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Bases Covered: U.S. and Africa Need Ebola-Ready Hospitals, Experts Say

The Ebola emergency shows the U.S. must build stronger hospitals here and abroad, experts said Tuesday.

The United States must establish a network of Ebola-qualified hospitals both at home and in the West African countries fighting the growing epidemic, experts said Tuesday.

They said the U.S. is in danger so long as the epidemic continues in Liberia, Sierra Leone and Guinea and added that without long-term investments both there and at home, other unexpected infections will threaten.

“There is an urgent need to reinforce basic public health systems in countries, such as those in West Africa, where disease threats can quickly arise and ultimately threaten the health of Americans,” Centers for Disease Control and Prevention director Dr. Thomas Frieden told a hearing of the House oversight subcommittee.

Had such a system been in place in Sierra Leone, Liberia and Guinea, there wouldn’t be an epidemic of Ebola there now, Frieden said.

Ebola has infected more than 14,000 people in Liberia, Sierra Leone and Guinea, and it’s killed at least 5,000 of them. The World Health Organization says those numbers are certainly an underestimate. And at least three people have died in an outbreak in Mali, forcing health experts to scramble to try to contain that outbreak.

The White House has asked Congress to allocate nearly $6.2 billion to fight Ebola in West Africa. Congress has until Dec. 11 to do that.

“Now, it is apparent that a nationwide network of predefined infectious disease treatment centers is needed."

Texas state health commissioner Dr. David Lakey said the case of Thomas Eric Duncan, the Liberian who was the first to die from Ebola in the U.S., shows it’s hard to prepare for Ebola cases.

“Now, it is apparent that a nationwide network of predefined infectious disease treatment centers is needed for the care of patients with high-consequence infectious diseases like Ebola,” Lakey told the hearing.

“These treatment facilities must have a care team identified and carefully trained; a comprehensive plan for care, laboratory testing, waste disposal, patient transport; and mortuary services; pre-stocked medicines and post-exposure prophylaxis (PEP); and a sufficient supply of personal protective equipment (PPE),” he added. He said Texas has prepared two hospitals to care for Ebola patients on short notice.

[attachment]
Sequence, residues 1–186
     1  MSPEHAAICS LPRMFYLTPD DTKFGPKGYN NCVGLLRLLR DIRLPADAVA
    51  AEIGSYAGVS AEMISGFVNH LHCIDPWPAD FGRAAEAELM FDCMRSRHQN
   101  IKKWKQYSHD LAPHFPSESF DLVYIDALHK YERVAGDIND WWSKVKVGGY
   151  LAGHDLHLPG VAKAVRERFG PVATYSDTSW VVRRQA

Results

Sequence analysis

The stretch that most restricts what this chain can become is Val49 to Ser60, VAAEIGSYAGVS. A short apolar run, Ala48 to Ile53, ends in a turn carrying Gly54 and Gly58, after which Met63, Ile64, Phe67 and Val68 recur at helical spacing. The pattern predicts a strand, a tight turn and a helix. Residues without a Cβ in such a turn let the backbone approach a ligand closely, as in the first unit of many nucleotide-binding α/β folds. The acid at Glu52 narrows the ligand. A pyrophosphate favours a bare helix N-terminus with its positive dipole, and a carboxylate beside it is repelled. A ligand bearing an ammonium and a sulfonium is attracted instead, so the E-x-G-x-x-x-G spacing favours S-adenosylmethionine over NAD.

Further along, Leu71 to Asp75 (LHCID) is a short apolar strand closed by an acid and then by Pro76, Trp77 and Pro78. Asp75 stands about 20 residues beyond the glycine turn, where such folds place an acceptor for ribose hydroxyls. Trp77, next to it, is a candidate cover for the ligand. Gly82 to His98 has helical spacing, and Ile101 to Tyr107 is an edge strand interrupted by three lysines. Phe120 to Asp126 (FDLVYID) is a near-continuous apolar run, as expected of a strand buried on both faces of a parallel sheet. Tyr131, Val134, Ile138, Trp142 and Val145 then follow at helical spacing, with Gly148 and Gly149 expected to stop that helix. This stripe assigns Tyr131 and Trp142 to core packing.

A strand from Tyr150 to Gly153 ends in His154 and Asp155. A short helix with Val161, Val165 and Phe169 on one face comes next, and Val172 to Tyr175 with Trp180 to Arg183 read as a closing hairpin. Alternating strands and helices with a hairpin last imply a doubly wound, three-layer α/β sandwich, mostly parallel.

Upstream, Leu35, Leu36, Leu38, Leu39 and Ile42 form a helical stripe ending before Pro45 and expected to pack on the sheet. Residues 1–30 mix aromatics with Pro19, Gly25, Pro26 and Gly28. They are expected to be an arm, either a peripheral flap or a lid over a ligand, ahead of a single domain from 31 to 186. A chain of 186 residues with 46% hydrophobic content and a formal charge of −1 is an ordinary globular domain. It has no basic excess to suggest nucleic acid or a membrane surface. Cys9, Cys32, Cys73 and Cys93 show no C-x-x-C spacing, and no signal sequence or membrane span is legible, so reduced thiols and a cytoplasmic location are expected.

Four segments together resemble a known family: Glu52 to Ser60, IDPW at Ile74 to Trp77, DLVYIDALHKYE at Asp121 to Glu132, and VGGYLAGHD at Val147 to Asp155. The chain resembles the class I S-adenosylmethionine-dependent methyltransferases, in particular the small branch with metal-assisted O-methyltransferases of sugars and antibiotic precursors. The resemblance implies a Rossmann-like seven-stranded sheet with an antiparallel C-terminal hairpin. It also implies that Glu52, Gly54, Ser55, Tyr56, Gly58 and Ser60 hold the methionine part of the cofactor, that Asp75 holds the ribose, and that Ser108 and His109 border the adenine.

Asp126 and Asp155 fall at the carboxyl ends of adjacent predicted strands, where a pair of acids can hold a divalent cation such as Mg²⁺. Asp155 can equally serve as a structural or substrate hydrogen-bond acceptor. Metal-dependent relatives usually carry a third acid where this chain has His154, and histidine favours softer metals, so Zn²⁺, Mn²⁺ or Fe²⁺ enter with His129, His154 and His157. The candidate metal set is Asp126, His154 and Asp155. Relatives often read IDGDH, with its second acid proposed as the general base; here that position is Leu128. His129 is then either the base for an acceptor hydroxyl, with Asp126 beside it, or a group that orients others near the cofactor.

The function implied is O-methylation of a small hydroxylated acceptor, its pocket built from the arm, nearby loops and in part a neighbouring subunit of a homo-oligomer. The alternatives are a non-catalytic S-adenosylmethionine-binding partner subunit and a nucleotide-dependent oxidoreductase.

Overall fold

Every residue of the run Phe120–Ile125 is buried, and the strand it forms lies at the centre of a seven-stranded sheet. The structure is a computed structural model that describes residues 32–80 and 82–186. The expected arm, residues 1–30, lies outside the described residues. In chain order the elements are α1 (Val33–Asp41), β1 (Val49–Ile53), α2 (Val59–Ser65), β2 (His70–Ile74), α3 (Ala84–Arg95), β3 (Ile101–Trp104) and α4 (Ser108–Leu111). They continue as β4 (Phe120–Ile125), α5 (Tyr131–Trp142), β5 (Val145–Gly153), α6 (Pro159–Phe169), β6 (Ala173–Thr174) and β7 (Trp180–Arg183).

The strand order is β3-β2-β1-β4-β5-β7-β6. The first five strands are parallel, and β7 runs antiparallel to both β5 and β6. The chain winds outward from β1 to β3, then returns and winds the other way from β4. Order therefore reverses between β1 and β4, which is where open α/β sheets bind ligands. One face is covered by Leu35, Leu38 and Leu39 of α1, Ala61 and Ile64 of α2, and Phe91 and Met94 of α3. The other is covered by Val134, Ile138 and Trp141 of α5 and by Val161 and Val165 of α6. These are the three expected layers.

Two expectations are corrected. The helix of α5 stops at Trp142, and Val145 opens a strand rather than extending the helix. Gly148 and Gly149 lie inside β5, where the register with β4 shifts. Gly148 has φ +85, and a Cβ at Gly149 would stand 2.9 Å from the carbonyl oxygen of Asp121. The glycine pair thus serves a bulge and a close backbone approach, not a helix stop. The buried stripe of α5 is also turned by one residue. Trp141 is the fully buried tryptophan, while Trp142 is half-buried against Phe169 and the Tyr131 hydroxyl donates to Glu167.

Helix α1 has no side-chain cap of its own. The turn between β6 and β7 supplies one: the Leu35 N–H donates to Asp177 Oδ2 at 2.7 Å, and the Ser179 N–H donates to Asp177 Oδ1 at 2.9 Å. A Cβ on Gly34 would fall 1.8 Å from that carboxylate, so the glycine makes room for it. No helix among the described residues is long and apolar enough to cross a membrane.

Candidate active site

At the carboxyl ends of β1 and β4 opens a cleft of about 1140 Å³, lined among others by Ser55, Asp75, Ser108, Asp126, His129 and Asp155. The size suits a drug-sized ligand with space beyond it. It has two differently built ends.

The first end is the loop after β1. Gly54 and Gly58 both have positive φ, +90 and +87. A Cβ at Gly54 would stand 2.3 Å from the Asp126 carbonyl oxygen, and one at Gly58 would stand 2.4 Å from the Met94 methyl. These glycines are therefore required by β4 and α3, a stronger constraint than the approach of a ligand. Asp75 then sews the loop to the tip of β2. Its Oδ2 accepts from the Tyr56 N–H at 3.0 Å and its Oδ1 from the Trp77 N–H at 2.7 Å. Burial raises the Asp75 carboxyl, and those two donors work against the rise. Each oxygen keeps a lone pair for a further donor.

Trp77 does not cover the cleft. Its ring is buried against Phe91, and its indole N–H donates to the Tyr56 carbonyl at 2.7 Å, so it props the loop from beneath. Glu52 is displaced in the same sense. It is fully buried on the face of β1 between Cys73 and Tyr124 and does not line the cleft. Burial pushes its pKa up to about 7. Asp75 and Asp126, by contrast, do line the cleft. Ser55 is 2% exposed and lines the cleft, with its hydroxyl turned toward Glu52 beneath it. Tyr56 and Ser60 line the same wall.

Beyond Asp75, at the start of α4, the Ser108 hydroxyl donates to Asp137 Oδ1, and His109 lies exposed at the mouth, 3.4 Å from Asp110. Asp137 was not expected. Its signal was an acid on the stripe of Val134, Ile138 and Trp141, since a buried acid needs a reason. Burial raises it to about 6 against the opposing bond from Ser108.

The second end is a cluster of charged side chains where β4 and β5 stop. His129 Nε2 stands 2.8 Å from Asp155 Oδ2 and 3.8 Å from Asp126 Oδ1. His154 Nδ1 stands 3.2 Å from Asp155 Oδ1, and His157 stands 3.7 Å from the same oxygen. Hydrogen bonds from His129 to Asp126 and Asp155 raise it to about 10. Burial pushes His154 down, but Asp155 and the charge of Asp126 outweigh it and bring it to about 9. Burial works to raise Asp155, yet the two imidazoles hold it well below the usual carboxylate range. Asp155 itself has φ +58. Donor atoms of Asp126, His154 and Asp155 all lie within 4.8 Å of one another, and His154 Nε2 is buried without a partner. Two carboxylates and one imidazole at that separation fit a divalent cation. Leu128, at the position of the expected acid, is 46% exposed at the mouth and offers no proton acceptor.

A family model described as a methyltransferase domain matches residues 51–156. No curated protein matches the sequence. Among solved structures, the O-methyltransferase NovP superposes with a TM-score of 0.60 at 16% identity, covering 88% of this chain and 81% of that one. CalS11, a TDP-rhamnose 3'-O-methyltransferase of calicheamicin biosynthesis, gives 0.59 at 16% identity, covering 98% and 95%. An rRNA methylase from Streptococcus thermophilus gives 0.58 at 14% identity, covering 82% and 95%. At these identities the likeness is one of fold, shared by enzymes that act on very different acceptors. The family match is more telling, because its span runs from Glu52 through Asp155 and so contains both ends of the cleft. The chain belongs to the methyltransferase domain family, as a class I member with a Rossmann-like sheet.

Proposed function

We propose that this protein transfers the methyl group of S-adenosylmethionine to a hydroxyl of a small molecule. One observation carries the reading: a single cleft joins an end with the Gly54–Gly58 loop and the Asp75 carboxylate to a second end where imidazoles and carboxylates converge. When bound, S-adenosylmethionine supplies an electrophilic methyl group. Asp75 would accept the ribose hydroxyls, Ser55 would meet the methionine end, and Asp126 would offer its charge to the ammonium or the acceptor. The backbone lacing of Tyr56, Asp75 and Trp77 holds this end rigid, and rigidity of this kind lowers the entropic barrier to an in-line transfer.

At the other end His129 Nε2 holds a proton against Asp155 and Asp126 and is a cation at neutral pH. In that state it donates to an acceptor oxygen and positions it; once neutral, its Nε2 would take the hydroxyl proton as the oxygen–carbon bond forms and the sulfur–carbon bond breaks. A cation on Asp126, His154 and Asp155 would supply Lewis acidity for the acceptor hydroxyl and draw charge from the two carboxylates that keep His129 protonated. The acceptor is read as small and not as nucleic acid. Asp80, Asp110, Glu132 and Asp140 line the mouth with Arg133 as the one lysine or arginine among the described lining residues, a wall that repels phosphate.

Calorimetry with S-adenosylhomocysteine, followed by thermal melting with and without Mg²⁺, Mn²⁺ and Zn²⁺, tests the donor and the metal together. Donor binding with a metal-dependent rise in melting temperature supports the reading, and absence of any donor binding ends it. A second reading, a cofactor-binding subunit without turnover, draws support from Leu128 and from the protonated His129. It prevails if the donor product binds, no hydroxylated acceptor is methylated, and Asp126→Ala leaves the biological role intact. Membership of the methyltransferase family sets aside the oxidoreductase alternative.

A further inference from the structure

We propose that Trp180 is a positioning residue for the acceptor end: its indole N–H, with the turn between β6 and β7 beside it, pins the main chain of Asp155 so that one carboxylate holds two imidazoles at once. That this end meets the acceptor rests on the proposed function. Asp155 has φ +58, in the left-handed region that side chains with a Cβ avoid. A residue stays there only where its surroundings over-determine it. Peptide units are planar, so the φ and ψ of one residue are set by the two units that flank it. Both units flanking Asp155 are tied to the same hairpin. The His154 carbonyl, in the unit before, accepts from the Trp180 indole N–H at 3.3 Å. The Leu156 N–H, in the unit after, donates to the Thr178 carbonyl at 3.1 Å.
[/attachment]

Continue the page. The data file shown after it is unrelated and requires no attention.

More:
Public health experts have complained about cuts to such preparedness funding in recent years. But it was planning ahead that led to the University of Nebraska Medical Center’s biocontainment unit, built in 2005, said Dr. Jeffrey Gold, the medical schools chancellor.

That unit came in handy for treating medical missionary Dr. Rick Sacra, NBC News freelance camera operator Ashoka Mukpo and Dr. Martin Salia, the Sierra Leonean doctor who died Monday from Ebola.

The university has paid the entire annual cost of staffing and maintaining the unit at a cost of at least $250,000 a year, Gold said, and spent well over $1 million treating Sacra and Mukpo.

Although the CDC initially said any U.S. hospital should be able to care for an Ebola patient, Gold argued that it really often does require a special biocontainment unit. There are only four in the country: at Nebraska, Emory University Hospital, the National Institutes of Health and Providence St. Patrick Hospital in Missoula, Montana. In addition, as Lakey said, states are setting up facilities and Bellevue Hospital in New York successfully treated Ebola patient Dr. Craig Spencer

“A national readiness plan is absolutely necessary,” Gold said. “The number of actual beds is under 20. The number of usable beds is under 10.”

Dr. Nicole Lurie, who is assistant secretary for preparedness and response at the Health and Human Services Department, said Ebola is very unlikely to spread in the U.S., but it’s essential to be prepared. “We might expect a handful of cases in the United States,” she told the hearing.

“Ebola has told us that we really need high-containment facilities.”

She recommends a broadly dispersed network of hospitals prepared not only for Ebola, which doesn’t spread easily, but for a new strain of pandemic flu, which would.

“We need to be prepared not only for today but for the next decade, and for the next century,” Lurie said.

The only reason Ebola vaccines and drugs are even in development was because such preparedness efforts were started after the 9-11 attacks and the anthrax attacks that followed, Lurie said.

“We need to be prepared not only for today but for the next decade, and for the next century."

And the same approach must be taken for Africa, Frieden argued.

“We must do more, and do it quickly, to strengthen global health security around the world, because we are all connected,” Frieden said. “Diseases can be unpredictable — such as H1N1 coming from Mexico, MERS emerging from the Middle East, or Ebola in West Africa, where it had never been recognized before — which is why we have to be prepared globally for anything nature can create that could threaten our global health security.”

In a separate hearing before the House global health subcommittee, Dr. Darius Mans, president of the nonprofit group Africare Mans, said the U.S. and other countries must stop focusing on individual diseases such as malaria and work to shore up health care systems in general.

“We also need to take advantage of this crisis to build a public health infrastructure,” he said.

“Medical systems in these countries remain weak,” agreed Rep. Chris Smith, a New Jersey Republican who chairs the subcommittee.